4. 4.0 4.1 4.2 4.3 4.4 4.5 Harris, Roger Deane. The Story of the Bloods, including an Account of the Early Generations of the Family in America in Genealogical Lines from Robert Blood of Concord and Richard Blood of Groton. Boston: Priv. Print., G.K. Hall, Boston, Massachusetts, 1960 p. 82
  5. Phillimore, W.P.W. and Ward, James. Nottingham Parish Registers, Marriages, Phillimore's Parish Register Series, Vol. XXV (Nottm., Vol. III), Phillimore & Co., London, United Kingdom: 1901, p. 26. The Internet Archive,
  6. "England & Wales Christening Records, 1530-1906," database, ( : accessed 11 Apr 2021), entry: James Bludd, 11 Mar 1631, father James Bludd. Data derived from British Isles Vital Records Index, 2nd Edition, Genealogical Society of Utah, Salt Lake City, Utah, United States: 2002.
  7. "England, Select Births and Christenings, 1538-1975," database, ( : accessed 11 Apr 2021), entry: James, Male, 11 Mar 1631, St Mary, Nottingham, Nottingham[shire], England, father James Bludd, FHL Film No. 503797, Reference ID 2:1201SR6.
  8. 8.0 8.1 8.2 8.3 8.4 8.5 8.6 Hudson, Alfred Sereno. The History of Concord, Massachusetts: Vol. 1, Erudite Press Concord, Massachusetts, 1904 pp. 286-287, 491-493
  9. 9.0 9.1 9.2 9.3 9.4 Tolman, George compiler. Concord, Massachusetts Births, Marriages, and Deaths, 1635-1850, Printed by the Town, T. Todd Printer, Beacon Press, Boston, Massachusetts, 1891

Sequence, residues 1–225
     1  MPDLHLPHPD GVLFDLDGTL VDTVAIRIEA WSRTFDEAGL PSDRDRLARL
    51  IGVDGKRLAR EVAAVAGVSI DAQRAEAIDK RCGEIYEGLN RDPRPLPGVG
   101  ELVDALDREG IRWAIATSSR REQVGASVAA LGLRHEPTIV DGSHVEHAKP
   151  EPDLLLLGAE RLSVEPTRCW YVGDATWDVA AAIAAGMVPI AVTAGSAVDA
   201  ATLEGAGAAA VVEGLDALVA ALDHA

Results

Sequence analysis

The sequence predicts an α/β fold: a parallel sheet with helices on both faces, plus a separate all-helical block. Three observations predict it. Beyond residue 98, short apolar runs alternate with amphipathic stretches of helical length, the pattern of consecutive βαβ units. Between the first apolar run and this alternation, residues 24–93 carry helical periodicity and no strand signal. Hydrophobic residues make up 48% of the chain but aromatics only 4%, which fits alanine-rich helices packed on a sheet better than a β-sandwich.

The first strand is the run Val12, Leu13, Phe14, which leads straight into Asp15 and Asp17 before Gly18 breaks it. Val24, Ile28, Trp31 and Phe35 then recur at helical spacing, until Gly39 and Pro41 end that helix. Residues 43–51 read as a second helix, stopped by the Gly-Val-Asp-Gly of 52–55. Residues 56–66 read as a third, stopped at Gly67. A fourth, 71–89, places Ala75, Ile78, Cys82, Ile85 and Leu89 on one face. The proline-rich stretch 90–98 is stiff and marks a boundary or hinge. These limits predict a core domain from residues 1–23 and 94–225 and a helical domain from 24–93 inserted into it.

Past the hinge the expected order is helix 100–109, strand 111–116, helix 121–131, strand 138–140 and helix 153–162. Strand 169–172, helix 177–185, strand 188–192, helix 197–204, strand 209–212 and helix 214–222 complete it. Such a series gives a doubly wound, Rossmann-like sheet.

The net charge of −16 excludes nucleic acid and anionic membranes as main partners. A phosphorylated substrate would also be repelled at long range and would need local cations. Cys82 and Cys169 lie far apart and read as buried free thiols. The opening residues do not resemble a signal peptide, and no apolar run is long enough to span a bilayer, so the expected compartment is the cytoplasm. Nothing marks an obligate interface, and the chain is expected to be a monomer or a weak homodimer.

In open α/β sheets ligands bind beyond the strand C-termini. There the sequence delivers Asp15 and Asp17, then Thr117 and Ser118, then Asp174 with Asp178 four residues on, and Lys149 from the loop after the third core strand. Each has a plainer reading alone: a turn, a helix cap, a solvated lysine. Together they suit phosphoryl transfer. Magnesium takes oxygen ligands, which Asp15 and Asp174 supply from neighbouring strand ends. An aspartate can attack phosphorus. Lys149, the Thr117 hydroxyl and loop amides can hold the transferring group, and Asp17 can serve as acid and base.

10. Metcalf, Henry Harrison & John Norris McClintock, The Granite Monthly: A New Hampshire Magazine Devoted to History, Biography, Literature, and State Progress, Volume 10: No. 3, H. H. Metcalf, Publisher, New Hampshire, March 1887, p. 82
  11. Case 2018: p. 1-3: Middlesex County, MA: Probate File Papers, 1648-1871.Online database. New England Historic Genealogical Society, 2014. (From records supplied by the Massachusetts Supreme Judicial Court Archives. Digitized mages provided by
  12. 12.0 12.1 12.2 12.3 12.4 Walcott, Charles H. Concord in the Colonial Period: Being a History of the Town of Concord, Massachusetts, from the Earliest Settlement to the Overthrow of the Andros Government, 1635-1689, Estes and Lauriat, Boston, Massachusetts, 1884 p. 38-40: 70
  13. Lilley, Eaton. The Genealogical History of the Town of Reading, Massachusetts, 1639 to 1874, A. Mudge & Son Printers, Boston, Massachusetts, United States: 1874, p. 9.
  14. Drake, Samuel Adams. The History of Middlesex County, Massachusetts, Vol. I; Estes and Lauriat Publishers, Boston, Massachusetts, United States: 1880, pp.368-369. Internet Archive at
  15. Allen, Wilkes. The History of Chelmsford; P.N. Green Publisher, Haverhill, Massachusetts, United States: 1820, p.163. Internet Archive at
  16. Willard, Joseph and Walker, Charles Wilkes with Pope, Charles Henry (ed.). Willard Genealogy: Sequel to the Willard Memorial; Murrat and Emery Co. Publishers, Boston, Massachusetts, United States: 1915, pp.vii-viii. Internet Archive at